keywords: The Age

There are more than 200 results, only the first 200 are displayed here.

  • AUSTRALIA

    Comrades among the ruins of neoliberalism

    • John Falzon
    • 03 July 2019
    11 Comments

    One of the greatest philosophical challenges for social justice is to articulate a 21st century vision of the role of government. Government is the chief means by which people achieve collectively what they cannot achieve alone. We have no right to indulge in despair when more and more people are being forced to bear the brunt of inequality.

    READ MORE
  • AUSTRALIA

    A close encounter with our ill health system

    • Daniel Sleiman
    • 03 July 2019
    10 Comments

    When I found myself facing the prospect of thyroid surgery, I had two options: either I could get it done for free through Medicare or privately at a cost of $11,000. I've been reflecting again on that choice in light of the recent criticism of 'celebrity' brain surgeon Charlie Teo. Australia's healthcare system is not as egalitarian as we think it is.

    READ MORE
  • EDUCATION

    A student's view of mobile phone bans

    • Ann Maria Sabu
    • 03 July 2019
    4 Comments

    I did not need to put in much effort to imagine what such a ban would feel like. I have already experienced more rigid when I studied in Dubai and in India. I used to witness more interaction among students and more studious class environments in these places than what I do now in a private Victorian secondary college.

    READ MORE
  • ARTS AND CULTURE

    You say risotto, I say rah-zotto

    • Sue Stevenson
    • 03 July 2019
    9 Comments

    In Anglo Australia it wasn't the done thing to pronounce a word using its non-English sound. A word incorporated into the language was spoken as its spelling would sound to us. If you did speak a non-English word as it was spoken in its language of origin you were ... well, a bit of a wanker. But things are changing.

    READ MORE
  • CARTOON

    Good ole Aussie know-how

    • Fiona Katauskas
    • 02 July 2019
    1 Comment

    READ MORE
  • INTERNATIONAL

    Indonesian democracy is at a crossroads

    • Nicholas Bugeja
    • 02 July 2019
    7 Comments

    Indonesian democracy has proven resilient to challenge and made inroads into combatting problems that have beset the country for decades. But a crossroads approaches. A failure to manage religious radicalism and intolerance, corruption, and other social tensions may imperil or destabilise this democratic epoch.

    READ MORE
  • AUSTRALIA

    Folau funds could have served a greater good

    • Chelsea Candy
    • 02 July 2019
    50 Comments

    By close of business on Thursday, the Australian Christian Lobby had raised over $2 million for Israel Folau's legal fighting fund. I can't help but wonder about the priorities of the Christians supporting the fundraiser. As a former community lawyer, I can think of many ways $2 million might be spent to help those facing a battle with the law.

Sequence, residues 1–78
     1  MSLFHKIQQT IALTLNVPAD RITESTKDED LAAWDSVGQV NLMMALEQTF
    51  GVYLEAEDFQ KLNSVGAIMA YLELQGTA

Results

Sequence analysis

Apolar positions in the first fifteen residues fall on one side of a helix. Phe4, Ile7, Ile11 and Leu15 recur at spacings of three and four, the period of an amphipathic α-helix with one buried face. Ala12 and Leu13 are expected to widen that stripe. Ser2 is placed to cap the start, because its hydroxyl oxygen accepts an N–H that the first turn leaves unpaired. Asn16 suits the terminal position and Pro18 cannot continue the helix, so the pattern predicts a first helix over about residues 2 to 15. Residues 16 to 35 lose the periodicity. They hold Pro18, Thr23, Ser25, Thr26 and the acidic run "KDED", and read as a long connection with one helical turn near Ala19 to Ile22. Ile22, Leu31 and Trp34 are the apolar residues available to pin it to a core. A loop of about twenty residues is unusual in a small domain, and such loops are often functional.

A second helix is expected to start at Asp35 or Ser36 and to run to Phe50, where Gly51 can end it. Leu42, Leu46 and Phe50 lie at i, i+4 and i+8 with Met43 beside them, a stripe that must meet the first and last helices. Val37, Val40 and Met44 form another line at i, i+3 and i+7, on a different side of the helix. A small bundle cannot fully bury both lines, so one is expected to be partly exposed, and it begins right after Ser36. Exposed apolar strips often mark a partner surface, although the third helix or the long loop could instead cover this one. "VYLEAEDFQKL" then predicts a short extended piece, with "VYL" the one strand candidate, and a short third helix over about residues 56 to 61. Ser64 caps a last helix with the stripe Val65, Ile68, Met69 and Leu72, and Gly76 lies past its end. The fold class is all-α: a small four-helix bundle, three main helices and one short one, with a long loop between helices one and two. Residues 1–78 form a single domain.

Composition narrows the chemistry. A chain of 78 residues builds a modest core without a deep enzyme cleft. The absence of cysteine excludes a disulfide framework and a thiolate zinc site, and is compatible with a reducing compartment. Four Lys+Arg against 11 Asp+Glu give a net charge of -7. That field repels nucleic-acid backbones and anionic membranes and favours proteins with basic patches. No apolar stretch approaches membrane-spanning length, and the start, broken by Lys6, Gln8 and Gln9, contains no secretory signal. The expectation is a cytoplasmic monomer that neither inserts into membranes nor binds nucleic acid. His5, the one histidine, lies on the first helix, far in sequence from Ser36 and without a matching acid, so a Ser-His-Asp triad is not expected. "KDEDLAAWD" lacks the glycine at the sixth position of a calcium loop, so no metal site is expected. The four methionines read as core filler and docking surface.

READ MORE
  • ECONOMICS

    NZ's riposte to modern economic myths

    • David James
    • 02 July 2019
    5 Comments

    While money can be transacted for things that are bad — air pollution, road deaths, cigarette ads — as long as more transactions occur, it creates the illusion the economy is growing, which, ipso facto, is good. Thus, Japan's GDP rose sharply after the tsunami disaster. New Zealand's initiative will track better what is really happening in the country.

    READ MORE
  • AUSTRALIA

    Lost in place

    • Andrew Hamilton
    • 02 July 2019
    4 Comments

    The power of this experience of place prompts reflection on the way in which young people who live in areas marked by multiple disadvantage relate to place. Many say they hate the areas in which they have grown up. This would be an understandable response to a world in which they have found neither opportunity nor beauty.

    READ MORE
  • INTERNATIONAL

    Drowned children point to larger migrant stories

    • Ramona Wadi
    • 01 July 2019
    4 Comments

    To what extent has society reacted to the deaths of these two children? Awareness stops with the available imagery. Drowned children on western shores are processed differently in our psyche to the children killed in drone attacks, their absence of identity compounded by statistics which dissociate humanity from numbers.

    READ MORE
  • ARTS AND CULTURE

    After Rilke: Visitation of the Virgin

    • Wally Swist
    • 01 July 2019
    4 Comments

    Windswept Judean hills. Not by the sheer vista below could her abundance ever be measured; striding, with each step she believed no one could transcend the largesse she carried.

    READ MORE
  • AUSTRALIA

    Spit decisions: DIY tests endanger DNA data

    • Jacinta Bowler
    • 28 June 2019
    6 Comments

    When One Nation puts forward a policy to DNA test Aboriginal people, DNA databases are solving crimes abroad, and commercial ancestry kits are as popular as ever, it's important to ask what we're giving away when we get our DNA sequenced. You'll only ever have one set of genes and once that data is out there it's very hard to get it back.

    READ MORE

x

Subscribe for more stories like this.

Free sign-up